In honor of Abraham Lincoln’s 200th birthday today, here’s a story from Great American History:
by Gordon Leidner
In May 1860, the nation’s attention turned toward Chicago, where the Republicans were meeting to select their presidential candidate.
William H. Seward, the Republican front-runner from New York, sent his political team to Chicago to lock up his party’s nomination. In the mid-nineteenth century, it was not considered proper for the aspiring candidate to go to the convention himself, so Seward sent his political manager, Thurlow Weed, along with his states’ 70 delegates and 13 railroad cars of supporters.
The residents of Chicago were delighted to have their city of 100,000 chosen for the Republican party’s second presidential convention. At the cost of about $6,000, Republicans there built a new convention center for the occasion. Nicknamed “The Wigwam,” it had excellent acoustics and could seat more than 10,000, which purportedly would be the largest audience yet assembled in the country under one roof.
Seward and Weed–some would say the unscrupulous Weed–were confident. It would take 233 votes to win the nomination, and they had nearly a third of that in the New York delegation alone.
Who could possibly upset their plans? Not Pennsylvania’s candidate, Simon Cameron. Cameron was considered a crook by most of the country, and would have little support outside of the 54 delegates from Pennsylvania. Not Ohio’s Salmon P. Chase. Ohio’s 46 votes probably would be split between he and fellow Ohioans Sen. Ben Wade and Judge John McClean. Not Missouri’s Edwin Bates–although Bates had Missouri’s 18 delegates and the backing of the nation’s most powerful newspaper editor, Horace Greely of the New York Tribune.
Seward and Weed recognized that they were not on their own turf, and anticipated that Illinois’ “Favorite Son,” Abraham Lincoln, probably would receive all of the states’ 22 votes. Since Illinois was considered a doubtful state for candidate Seward should he be the Republican candidate (where he would have a tough time defeating the anticipated Democratic nominee–Illinois’ other favorite son, Stephen A. Douglas), Weed was prepared to acquire Illinois votes on the second ballot by offering Lincoln the vice-presidential spot.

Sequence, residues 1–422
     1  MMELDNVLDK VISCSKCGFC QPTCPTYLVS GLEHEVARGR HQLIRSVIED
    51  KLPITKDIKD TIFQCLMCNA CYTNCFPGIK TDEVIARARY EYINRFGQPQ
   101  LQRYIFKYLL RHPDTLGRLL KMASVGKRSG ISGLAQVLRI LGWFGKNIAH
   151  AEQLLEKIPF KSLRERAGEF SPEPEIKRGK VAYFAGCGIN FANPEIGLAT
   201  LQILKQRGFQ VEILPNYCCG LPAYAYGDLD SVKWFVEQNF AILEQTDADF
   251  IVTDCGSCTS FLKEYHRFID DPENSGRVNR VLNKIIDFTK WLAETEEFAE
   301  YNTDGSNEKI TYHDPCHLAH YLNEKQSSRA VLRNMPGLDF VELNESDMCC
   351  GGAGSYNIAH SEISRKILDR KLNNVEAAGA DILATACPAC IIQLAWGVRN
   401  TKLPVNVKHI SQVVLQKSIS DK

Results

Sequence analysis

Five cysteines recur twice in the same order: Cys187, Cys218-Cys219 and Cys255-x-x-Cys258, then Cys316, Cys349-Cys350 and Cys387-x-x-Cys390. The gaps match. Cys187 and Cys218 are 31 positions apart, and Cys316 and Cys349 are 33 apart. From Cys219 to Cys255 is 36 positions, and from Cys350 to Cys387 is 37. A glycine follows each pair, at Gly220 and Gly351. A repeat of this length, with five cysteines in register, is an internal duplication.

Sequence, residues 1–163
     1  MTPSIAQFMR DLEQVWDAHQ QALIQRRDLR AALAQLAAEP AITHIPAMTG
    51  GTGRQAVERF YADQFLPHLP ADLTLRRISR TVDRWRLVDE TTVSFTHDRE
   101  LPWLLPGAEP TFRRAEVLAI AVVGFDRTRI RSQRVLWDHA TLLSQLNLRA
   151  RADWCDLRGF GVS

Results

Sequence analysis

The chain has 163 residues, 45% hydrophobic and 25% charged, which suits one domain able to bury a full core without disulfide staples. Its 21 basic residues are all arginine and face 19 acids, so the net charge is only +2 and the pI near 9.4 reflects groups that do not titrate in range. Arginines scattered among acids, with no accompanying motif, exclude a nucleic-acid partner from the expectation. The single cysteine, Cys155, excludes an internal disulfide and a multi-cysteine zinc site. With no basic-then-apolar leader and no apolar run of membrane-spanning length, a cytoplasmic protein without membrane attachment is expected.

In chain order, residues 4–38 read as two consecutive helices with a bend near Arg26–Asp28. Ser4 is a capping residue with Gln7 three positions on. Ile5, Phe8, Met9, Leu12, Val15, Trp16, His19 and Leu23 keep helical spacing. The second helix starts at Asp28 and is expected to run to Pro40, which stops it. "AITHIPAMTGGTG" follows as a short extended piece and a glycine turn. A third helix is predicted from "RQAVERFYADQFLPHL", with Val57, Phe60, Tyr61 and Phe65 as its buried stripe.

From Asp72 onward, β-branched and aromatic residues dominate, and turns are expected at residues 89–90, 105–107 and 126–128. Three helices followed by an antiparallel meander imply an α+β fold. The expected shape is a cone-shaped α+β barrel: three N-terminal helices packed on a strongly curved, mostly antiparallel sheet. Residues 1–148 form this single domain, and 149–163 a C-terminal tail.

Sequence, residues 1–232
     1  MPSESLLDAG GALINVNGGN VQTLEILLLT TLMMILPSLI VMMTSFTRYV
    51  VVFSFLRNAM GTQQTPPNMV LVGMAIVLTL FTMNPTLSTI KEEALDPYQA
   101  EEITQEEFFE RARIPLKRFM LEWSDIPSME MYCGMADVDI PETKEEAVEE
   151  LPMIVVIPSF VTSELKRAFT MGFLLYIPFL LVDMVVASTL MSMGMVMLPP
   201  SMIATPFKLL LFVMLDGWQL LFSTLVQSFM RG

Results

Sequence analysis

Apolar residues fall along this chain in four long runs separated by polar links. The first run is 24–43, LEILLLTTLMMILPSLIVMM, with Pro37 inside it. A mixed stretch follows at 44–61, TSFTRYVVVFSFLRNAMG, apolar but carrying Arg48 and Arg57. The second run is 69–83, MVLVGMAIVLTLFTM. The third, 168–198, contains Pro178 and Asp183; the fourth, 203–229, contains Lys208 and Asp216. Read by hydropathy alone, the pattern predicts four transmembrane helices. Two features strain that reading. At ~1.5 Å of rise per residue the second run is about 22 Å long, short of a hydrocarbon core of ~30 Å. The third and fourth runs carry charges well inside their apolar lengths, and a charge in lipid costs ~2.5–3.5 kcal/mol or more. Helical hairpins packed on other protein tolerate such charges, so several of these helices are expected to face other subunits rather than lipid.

That should secure Seward’s nomination in the event of a tough floor fight, he and his supporters reckoned.
Lincoln had been busy preparing for the convention as well. Using all his political skill, he had persuaded the Illinois delegation to vote for him in a bloc. To lead the floor fight, he selected David Davis, a trusted friend, and Norman Judd, who was due most of the credit for bringing the Republican convention to Chicago. Finally, he provided them with some tactical guidance and limitations of engagement, which included an admonishment to “make no deals that bind me,” and waited in Springfield for the results.
Confident that Seward would not have enough votes to lock up the nomination on the first ballot, Lincoln intended to get the second highest vote count on the first ballot and line up additional votes for the second ballot in order to show increasing strength. He hoped that this strategy–combined with the presence of an enthusiastic band of followers on the floor–would be sufficient to win the nomination on the third or subsequent ballot.
Lincoln’s men left no detail unattended in their pursuit of this strategy. They made certain that Seward’s New Yorkers were seated far from other critical delegations with whom they might collaborate. They printed hundreds of counterfeit tickets and distributed them to Lincoln supporters with instructions to show up early–in order to displace Seward’s supporters.
They also assigned two men with noted stentorian voices to lead the cheering. One of these men reportedly had a larynx powerful enough to allow his shout to be heard across Lake Michigan.
The first two days of the convention were devoted to acceptance of delegates, administration, and the platform. The evenings were spent in the caucusing of delegates. Weed’s approach was to offer champagne for the present and “oceans of money” for the future.